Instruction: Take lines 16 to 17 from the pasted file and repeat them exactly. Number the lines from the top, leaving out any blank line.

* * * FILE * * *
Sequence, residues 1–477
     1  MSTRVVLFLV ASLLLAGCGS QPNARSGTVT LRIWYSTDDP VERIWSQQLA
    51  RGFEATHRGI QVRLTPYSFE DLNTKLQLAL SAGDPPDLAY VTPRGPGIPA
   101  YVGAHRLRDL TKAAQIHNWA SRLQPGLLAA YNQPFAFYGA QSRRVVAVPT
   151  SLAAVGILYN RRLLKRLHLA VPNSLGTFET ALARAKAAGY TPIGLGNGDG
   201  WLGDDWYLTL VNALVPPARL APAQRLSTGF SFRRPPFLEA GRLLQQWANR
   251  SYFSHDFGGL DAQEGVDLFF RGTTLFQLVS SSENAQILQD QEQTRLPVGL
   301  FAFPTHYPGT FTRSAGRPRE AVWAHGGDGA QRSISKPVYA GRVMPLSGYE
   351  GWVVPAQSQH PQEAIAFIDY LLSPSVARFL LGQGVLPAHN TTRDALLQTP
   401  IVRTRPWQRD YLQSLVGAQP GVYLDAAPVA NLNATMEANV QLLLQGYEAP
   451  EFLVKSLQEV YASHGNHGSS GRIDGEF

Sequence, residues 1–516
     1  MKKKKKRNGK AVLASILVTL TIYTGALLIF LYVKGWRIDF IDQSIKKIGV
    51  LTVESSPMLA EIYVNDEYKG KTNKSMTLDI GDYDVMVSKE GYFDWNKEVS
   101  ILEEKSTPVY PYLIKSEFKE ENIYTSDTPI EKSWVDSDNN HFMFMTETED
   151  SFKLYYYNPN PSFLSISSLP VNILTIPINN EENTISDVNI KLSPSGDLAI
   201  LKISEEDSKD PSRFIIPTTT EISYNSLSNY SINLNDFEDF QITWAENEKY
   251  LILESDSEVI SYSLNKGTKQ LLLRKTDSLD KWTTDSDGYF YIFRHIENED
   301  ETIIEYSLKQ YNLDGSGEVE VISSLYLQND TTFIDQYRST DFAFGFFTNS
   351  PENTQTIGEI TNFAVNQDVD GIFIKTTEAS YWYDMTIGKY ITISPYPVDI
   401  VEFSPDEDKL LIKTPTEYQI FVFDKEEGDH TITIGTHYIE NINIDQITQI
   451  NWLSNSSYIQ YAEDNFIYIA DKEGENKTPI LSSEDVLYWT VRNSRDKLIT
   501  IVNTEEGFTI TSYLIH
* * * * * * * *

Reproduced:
   151  SFKLYYYNPN PSFLSISSLP VNILTIPINN EENTISDVNI KLSPSGDLAI
   201  LKISEEDSKD PSRFIIPTTT EISYNSLSNY SINLNDFEDF QITWAENEKY